Knowing when to stop (DSP17)

You usually know the moment when you start forcing yourself to do something. When it’s a big goal of yours, you try to persevere and finish the whole thing. It’s not always about finishing, though. One of my colleagues that also took part in Get Noticed contest recently decided that he suspends his blogging activities.

Although I’m still able to finish the contest, I decided not to force myself to do it – I’ll still be working on Matchlogger (I actually implemented adding matches today), occasionally I might also write a technology post with the DSP2017 tag for the contest – but my goal isn’t those 20 posts anymore.


These are the main reasons:

I already achieved what I wanted

I wanted to push this blog into a more technology-oriented one, while still keeping my (mostly) travel and soccer blogging in Polish. That goal is certainly achieved – I’m quite proud of some posts, especially the ones related to Spring Boot. I’m not planning to stop writing about technology now, though I expect the frequency to be lower.

Posts were getting to be more low-quality

I have noticed that and you may have noticed that too – some posts were about resolving specific technical issues, some were just fillers that gave some information, but weren’t that helpful. There was an increase of the latter ones as I progressed with the contest. That was mostly related to lack of time for real development while still trying to succeed with the contest.

Other activities suffered

There are things that are more important than the others. I have an OCP exam scheduled for July which I completely stopped learning for. That’s a commitment that I did at work so I treat it as a more important one. I also have some other commitments or things that I just like doing more than trying to fit in two technology blog posts every week 馃檪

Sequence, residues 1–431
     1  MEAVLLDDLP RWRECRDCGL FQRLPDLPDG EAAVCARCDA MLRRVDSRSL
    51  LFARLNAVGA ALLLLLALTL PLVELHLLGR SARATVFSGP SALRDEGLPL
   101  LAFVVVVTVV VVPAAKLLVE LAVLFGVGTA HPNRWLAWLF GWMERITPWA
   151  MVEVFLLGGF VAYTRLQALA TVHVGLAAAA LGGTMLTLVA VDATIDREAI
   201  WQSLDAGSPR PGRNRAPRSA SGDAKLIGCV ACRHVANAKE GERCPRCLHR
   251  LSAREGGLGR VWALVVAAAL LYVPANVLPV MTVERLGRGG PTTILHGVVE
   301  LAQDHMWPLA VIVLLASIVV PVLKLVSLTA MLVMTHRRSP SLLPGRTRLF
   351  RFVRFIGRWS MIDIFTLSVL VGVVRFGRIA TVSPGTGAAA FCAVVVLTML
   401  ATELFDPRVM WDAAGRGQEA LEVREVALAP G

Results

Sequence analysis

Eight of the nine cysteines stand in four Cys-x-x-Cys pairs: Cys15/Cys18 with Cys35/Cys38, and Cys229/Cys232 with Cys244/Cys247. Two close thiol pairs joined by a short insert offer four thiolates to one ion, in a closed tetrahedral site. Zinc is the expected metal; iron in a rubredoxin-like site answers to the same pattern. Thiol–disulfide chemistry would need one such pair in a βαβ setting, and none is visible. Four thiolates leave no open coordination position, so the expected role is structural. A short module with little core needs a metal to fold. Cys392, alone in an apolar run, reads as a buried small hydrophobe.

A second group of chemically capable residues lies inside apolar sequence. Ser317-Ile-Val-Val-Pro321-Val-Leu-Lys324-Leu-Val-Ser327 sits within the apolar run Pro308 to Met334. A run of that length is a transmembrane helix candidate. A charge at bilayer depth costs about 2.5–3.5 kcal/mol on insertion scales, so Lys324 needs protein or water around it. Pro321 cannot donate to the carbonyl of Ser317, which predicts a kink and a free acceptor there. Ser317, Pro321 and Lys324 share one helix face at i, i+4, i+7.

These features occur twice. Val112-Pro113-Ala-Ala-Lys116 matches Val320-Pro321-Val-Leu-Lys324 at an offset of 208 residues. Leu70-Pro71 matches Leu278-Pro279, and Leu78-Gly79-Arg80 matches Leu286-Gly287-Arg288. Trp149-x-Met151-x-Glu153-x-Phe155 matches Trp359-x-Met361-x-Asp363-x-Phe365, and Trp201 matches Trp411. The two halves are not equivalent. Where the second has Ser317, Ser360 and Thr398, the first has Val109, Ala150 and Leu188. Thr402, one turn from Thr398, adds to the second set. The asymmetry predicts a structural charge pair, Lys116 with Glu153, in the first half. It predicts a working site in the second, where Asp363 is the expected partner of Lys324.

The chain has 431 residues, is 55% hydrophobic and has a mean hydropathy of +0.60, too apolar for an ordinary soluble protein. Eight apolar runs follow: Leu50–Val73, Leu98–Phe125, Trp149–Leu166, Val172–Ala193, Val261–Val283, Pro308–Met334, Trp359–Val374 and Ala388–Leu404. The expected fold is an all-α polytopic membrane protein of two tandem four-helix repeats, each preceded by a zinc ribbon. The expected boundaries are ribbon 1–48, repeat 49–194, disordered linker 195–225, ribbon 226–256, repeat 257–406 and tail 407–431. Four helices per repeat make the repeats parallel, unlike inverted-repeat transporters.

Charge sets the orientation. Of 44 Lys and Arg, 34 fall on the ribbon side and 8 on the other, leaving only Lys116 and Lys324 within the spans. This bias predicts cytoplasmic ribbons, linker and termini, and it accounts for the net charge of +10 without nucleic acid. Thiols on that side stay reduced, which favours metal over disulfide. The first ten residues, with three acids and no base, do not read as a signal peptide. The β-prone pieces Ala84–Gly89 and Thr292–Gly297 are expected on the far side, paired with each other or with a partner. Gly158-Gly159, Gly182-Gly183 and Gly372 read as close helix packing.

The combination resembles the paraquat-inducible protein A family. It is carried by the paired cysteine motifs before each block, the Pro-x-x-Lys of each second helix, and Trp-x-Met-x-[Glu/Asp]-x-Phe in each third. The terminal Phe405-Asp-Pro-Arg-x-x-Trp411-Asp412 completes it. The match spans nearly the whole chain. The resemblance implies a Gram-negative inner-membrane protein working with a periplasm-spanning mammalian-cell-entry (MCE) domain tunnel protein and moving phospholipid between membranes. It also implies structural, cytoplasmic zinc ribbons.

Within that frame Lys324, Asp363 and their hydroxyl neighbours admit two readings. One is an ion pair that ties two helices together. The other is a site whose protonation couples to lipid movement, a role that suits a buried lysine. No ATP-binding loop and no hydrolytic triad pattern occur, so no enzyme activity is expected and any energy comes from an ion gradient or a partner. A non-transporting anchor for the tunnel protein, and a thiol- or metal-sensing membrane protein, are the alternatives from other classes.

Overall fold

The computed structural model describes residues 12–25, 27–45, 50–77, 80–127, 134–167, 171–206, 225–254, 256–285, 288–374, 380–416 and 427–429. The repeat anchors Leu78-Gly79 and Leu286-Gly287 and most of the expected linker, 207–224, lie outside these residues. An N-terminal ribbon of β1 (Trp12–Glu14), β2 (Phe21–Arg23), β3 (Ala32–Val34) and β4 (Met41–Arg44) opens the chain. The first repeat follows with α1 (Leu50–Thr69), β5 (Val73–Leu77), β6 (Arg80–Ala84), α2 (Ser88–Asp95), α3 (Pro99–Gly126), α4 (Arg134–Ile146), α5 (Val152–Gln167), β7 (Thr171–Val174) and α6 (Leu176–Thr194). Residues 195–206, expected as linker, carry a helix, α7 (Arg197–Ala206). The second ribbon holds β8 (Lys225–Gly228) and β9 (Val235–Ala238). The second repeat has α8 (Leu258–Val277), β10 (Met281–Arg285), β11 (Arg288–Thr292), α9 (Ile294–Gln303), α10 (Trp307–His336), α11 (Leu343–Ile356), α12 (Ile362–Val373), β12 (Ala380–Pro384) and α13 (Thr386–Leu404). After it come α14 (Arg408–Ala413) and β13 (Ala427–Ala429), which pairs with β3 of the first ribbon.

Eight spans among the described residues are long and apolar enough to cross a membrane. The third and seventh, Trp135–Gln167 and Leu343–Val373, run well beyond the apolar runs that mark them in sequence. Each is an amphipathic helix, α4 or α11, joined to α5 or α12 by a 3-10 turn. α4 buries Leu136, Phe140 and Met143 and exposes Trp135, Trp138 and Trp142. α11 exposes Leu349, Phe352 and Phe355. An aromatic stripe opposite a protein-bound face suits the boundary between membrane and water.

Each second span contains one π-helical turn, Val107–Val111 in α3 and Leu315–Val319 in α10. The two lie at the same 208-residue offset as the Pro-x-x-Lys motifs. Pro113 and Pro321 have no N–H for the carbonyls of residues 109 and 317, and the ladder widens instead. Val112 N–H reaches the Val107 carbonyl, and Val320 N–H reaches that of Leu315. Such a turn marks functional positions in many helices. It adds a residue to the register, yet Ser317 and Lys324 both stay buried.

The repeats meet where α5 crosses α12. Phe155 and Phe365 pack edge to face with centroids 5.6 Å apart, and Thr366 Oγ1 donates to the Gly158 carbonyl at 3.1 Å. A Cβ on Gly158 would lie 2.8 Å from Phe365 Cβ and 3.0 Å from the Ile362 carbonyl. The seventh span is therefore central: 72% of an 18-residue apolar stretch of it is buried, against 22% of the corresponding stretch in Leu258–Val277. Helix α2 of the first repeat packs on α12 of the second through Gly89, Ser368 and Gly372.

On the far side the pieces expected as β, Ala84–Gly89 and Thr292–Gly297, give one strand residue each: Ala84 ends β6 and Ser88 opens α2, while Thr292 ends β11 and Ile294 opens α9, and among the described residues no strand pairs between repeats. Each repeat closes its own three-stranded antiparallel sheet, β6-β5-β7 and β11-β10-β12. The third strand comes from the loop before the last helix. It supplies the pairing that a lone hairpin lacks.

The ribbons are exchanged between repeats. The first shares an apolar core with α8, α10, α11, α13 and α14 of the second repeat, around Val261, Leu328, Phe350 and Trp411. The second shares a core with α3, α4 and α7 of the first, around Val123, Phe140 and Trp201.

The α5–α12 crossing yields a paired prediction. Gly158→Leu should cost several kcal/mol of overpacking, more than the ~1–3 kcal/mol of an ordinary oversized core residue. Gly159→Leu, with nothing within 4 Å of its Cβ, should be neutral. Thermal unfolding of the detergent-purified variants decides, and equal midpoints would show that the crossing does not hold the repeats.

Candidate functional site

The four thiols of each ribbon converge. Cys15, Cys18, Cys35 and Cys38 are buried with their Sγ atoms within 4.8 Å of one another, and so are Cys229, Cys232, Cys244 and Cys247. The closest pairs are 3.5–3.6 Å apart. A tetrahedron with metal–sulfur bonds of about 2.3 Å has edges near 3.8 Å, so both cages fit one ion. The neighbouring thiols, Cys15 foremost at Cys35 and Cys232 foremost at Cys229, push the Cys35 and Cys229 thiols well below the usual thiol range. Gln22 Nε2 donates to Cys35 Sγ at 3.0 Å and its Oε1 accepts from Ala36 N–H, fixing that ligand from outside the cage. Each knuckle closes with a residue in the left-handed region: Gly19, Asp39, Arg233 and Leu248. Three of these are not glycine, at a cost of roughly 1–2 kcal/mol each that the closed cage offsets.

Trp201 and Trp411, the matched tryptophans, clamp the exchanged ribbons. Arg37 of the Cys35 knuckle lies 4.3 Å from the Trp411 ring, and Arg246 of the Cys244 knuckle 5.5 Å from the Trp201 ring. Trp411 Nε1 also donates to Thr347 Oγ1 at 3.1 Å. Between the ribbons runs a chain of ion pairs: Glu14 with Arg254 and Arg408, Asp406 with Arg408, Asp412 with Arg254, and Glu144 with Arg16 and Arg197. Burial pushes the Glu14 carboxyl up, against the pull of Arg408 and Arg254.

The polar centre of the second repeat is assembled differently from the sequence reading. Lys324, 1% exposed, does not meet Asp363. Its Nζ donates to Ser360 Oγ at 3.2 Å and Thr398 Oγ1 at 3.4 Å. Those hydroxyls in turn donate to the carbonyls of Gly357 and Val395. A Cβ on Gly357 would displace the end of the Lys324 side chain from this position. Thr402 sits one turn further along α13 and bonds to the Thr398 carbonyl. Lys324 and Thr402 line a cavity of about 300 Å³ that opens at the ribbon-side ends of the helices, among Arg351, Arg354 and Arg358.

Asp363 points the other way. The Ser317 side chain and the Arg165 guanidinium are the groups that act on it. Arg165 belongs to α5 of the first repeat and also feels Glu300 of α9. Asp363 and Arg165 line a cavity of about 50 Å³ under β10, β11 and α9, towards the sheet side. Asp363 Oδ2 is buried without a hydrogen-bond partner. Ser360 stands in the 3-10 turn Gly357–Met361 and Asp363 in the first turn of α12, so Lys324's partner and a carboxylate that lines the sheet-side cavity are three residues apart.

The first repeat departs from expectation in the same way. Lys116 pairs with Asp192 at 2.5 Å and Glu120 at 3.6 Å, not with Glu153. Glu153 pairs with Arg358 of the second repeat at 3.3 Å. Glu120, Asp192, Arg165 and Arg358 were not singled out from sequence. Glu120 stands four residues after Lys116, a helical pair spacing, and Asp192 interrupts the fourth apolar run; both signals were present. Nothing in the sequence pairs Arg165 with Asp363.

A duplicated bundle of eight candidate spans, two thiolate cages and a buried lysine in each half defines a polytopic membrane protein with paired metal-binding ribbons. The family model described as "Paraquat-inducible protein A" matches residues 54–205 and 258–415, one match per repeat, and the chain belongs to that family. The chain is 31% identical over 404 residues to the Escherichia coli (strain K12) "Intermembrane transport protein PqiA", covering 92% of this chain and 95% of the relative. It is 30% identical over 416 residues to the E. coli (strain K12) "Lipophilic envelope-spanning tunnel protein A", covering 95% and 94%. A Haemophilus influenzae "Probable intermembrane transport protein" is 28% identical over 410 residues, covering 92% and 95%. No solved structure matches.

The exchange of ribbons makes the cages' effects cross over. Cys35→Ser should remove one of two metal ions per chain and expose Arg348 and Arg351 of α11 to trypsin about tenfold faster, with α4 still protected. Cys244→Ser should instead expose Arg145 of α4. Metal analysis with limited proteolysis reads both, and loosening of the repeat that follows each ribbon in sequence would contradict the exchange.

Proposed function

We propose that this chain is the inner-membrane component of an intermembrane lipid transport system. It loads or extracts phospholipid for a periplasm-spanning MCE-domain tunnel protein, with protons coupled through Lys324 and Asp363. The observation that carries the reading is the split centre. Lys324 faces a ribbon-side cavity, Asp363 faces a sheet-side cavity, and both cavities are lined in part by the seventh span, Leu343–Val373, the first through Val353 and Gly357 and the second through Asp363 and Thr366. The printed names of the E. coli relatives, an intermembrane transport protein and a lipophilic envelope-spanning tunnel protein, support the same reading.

Adapt and deprioritize

So I’ve reconsidered my priorities and will be focusing on other things instead. Was it worth trying? Certainly. I now have some new people that I started following and know more about which technologies are currently hot in the community. I’ve also started using Zenhub and Travis CI which will be helpful tools.

And for those of you that aim to finish the contest, good luck! Have fun in Warsaw!

Matchlogger: April summary

Time for a summary of April in terms of Matchlogger. The summary would be short – it’s not going too well.

The only functional part of the application that I was able to work in April was adding matches. With that part, I haven’t even finished it yet. Apart from adding matches, I briefly experimented with adding Content-Security-Policy header to the application, but that also wasn’t finished. At this point, it is quite clear that with current pace, by the end of May I won’t yet have a working MVP of my application.

With blogging, it went much better. Even though I had to take a one-week break because of personal reasons, seven posts have been published in April and that one will be the eighth. Writing text was going well enough that I’m wondering if in my case blogging isn’t ahead of coding in this contest – as I have to write 2 posts a week and do some research for the app, but not necessarily write code. This month, technology posts had worse traffic than my travel- or soccer-related posts – while my live travel post (PL) brought 84 visitors to the blog, the best technology post had 27 visits.

How about the April posts?

  1. Where can I deploy my Java web app? – 11 visits
  2. Content-Security-Policy: manage security settings of your app – 10 visits
  3. Amazon Glacier: storing backups you don’t need too often – 10 visits
  4. 15 things you learn about Java for OCA exam – 9 visits